GWS Giants – The Latest Faux Media Battleground

Those familiar with my tweets and earlier blog posts will know of my enthusiasm for the Greater Western Sydney enterprise – a western Sydney team for the football I prefer.  It was great to go to the Blacktown Sportspark to see them do very creditably against the Western Bulldogs and Collingwood. The crowd was very different from those I have experienced at Swans games – apart from a bigger chunk of working class people, there seemed to be a lot of expatriates from other states in their team colours or have adopted the old AFL cries – especially when Collingwood was being headed.

In addition, my kids have fully bought into the Giants fun – they love the song. As do I. This extended version shows how much Harry Angus from The Cat Empire enjoyed writing the song and its instrumental solo.

The media coverage I have seen about the Giants, however, has not inspired confidence that a new, enthusiastic supporter like me, my kids or those around us matters much in the way this team will be covered. Already, it’s all about TV ratings numbers and crowds, as reported here by Sydney Morning Herald league writer, Brad Walter. He, along with AFL media people, is reporting mostly TV watching numbers and crowd comparisons.

Problem is with comparing the crowd numbers – indeed using the word “dwarfed” between the NAB Cup and Charity Shield games is one of stadiums.  The Blacktown Sportspark only fits 10,000. It’s a suburban hill ground with a moderate grandstand – one to which tickets were not being sold.  The ANZ Stadium figures for the Charity Shield aren’t that good – 1/4 full – for a game featuring two teams with large supporter bases, Souths and St. George Illawarra.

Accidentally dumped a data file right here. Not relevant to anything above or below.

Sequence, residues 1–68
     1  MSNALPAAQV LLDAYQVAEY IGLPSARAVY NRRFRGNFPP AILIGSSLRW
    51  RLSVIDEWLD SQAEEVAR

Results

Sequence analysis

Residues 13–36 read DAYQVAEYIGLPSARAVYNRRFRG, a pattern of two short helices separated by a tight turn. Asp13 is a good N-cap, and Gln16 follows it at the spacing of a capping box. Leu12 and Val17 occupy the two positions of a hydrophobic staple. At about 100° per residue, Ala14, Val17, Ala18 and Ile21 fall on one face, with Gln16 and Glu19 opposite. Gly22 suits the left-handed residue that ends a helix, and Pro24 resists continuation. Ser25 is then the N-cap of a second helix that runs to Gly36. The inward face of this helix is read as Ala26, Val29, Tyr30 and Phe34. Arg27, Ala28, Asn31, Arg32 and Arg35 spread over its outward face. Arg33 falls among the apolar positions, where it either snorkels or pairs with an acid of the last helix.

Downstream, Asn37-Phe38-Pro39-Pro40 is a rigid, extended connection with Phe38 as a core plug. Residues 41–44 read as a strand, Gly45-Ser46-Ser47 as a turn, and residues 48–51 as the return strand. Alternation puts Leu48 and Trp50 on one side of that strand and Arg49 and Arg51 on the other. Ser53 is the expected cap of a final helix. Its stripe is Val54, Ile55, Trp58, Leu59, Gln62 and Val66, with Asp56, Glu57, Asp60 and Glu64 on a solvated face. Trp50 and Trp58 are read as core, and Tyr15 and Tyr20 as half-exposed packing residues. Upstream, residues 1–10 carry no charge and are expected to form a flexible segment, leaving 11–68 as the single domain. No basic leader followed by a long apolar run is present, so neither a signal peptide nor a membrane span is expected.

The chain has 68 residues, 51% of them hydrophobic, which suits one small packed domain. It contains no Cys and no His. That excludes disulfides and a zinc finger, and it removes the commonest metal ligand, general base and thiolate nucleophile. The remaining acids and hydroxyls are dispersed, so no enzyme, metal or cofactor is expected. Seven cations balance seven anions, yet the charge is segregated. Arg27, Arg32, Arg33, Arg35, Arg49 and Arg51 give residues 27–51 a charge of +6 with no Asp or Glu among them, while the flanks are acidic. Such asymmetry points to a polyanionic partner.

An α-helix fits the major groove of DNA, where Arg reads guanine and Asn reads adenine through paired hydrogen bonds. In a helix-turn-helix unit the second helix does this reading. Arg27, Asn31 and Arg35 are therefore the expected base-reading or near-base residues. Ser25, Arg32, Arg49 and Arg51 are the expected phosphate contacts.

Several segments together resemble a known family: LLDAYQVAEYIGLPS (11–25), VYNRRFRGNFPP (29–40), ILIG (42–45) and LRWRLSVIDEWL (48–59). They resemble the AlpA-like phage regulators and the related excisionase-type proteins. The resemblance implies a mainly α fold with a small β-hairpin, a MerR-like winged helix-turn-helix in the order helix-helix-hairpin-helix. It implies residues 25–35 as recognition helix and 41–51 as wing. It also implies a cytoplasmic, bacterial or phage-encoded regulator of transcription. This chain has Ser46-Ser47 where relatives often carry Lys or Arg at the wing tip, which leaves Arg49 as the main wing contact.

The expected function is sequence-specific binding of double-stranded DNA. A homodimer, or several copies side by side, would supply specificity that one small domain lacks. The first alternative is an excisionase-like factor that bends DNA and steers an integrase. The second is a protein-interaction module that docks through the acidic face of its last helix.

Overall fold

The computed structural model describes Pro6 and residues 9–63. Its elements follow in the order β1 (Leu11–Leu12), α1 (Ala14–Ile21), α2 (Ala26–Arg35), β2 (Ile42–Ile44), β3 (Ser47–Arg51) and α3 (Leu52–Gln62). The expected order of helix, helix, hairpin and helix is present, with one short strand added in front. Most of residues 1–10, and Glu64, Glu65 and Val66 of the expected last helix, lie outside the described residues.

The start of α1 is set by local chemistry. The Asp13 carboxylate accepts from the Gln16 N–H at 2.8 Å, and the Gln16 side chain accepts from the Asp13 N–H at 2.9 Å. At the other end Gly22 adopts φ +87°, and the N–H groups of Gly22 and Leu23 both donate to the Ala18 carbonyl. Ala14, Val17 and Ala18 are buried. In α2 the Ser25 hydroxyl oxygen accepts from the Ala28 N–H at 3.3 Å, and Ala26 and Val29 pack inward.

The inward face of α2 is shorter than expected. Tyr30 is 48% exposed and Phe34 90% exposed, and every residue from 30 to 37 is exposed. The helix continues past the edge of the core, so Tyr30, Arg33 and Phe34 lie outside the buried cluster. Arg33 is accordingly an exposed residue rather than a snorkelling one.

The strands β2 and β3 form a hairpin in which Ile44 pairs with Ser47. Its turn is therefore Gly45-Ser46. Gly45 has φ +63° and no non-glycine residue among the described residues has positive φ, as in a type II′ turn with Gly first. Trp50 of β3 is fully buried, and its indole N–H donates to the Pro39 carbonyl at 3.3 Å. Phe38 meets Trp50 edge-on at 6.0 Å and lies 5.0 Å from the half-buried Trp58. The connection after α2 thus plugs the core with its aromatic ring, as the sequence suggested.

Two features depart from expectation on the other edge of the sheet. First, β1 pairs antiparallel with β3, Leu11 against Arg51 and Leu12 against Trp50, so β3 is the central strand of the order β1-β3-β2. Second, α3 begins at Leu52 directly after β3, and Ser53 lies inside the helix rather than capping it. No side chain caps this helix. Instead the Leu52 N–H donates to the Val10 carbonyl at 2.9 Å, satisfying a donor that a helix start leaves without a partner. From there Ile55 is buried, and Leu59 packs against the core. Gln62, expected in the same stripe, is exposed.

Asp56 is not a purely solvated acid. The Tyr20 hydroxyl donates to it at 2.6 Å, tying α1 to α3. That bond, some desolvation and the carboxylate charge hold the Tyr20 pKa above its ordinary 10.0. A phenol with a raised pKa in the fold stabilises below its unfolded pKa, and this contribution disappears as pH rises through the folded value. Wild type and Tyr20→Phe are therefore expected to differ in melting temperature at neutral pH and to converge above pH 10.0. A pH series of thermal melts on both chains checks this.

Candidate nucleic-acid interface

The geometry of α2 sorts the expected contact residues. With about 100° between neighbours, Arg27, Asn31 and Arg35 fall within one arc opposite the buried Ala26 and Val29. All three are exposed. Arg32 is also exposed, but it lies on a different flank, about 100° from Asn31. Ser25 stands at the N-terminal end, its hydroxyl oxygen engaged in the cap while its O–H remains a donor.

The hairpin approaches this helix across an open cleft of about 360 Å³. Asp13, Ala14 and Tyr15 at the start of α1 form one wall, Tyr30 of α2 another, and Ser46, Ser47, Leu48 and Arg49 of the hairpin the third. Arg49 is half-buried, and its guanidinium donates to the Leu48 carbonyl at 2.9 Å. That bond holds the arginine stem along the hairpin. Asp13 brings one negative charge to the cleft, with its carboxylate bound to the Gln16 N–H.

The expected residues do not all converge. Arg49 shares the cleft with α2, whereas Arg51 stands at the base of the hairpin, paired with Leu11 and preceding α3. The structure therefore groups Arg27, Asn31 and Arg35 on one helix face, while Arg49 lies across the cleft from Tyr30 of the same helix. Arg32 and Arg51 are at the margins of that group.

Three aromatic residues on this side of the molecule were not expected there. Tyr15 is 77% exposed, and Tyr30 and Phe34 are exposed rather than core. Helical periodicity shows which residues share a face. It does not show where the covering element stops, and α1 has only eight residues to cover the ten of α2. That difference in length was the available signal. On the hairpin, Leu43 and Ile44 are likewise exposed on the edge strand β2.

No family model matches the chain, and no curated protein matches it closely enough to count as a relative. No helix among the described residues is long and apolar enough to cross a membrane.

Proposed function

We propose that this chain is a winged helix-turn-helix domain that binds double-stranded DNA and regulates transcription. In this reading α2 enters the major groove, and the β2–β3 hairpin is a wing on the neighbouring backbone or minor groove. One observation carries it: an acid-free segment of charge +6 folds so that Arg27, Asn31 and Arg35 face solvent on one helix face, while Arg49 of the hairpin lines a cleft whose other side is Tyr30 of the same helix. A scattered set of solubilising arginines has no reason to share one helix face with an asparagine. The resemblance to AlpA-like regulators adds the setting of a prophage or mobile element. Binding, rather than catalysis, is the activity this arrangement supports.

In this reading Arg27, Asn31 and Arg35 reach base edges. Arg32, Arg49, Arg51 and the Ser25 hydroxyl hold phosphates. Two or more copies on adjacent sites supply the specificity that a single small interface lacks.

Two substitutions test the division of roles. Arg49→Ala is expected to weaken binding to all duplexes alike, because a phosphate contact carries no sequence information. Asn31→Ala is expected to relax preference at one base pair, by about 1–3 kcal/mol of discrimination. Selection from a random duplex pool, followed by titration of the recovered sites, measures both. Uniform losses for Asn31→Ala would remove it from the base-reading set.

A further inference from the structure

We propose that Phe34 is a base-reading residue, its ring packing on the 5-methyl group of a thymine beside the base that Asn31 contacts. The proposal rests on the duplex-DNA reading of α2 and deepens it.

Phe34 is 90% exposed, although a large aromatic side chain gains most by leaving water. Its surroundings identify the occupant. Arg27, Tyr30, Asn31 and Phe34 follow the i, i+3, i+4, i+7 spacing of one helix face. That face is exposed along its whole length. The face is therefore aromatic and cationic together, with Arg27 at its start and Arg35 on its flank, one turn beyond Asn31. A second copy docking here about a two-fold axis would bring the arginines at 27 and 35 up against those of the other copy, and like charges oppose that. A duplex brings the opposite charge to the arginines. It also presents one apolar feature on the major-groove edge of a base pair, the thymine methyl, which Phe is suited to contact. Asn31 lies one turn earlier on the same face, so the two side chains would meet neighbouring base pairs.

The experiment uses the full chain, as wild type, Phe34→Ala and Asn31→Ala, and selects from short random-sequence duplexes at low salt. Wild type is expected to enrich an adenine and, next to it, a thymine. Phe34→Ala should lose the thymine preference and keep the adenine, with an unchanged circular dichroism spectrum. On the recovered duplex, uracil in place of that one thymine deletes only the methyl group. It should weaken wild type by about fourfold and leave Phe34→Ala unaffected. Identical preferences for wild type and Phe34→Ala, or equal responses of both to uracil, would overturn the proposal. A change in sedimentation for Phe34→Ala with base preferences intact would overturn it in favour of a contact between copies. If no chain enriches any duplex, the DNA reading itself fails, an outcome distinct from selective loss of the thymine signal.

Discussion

All in all, it doesn’t bode well for the way the game will be covered.  It is natural that crowd wise, GWS will have a lean first year. They are a brand new club who might win one or two games.  Yet we will hear all about crowd and TV numbers from the NRL, who clearly feel threatened.  Proof of this can be found in the Walter article, where reference is made to the NRL putting up “giant billboards on the motorway to Sydney’s west and near the airport that will make it clear this is a league town” as being evidence of league’s supremacy. I would have thought that if people from other places were to judge Sydney by its billboards, they would think we were a city full of men who can’t “get it up” and need some nasal spray.  I can understand the strategy of selling rugby league to people stuck on Sydney’s motorways – but saying it’s a response to the “threat” of AFL is stretching the significance a little too far. League crowd numbers for the next few years won’t be threatened by AFL in anywhere near the capacity written about by the likes of Roy Masters and Walter.  League is still No. 1 in the west and will continue that position for many years.

If it wasn’t enough to get reasoned treatment from league writers, then there is the SMH’s resident funnyman, Richard Hinds, who wrote this snarky piece about the Giants. He basically writes in a bitter tone about the way the Giants have been set up, as well as throwing in the predictable jokes about acts who perform at Rooty Hill RSL. Hilarious. We have never heard those before.   I can’t really say anything else about the quality of the piece, because there is nothing to say in that regard.  Hinds seems to have some scores to settle with the AFL Commission and is using criticism of the Giants to carry that bitterness. If this is setting the tone, I can’t really see much analysis of any meaning from Hinds during this season.

As with the field full of derp that is in the way Federal Politics is reported, I can predict the Giants won’t get much better. I personally am looking forward to the games and atmosphere of the new members. That will be enough for me.

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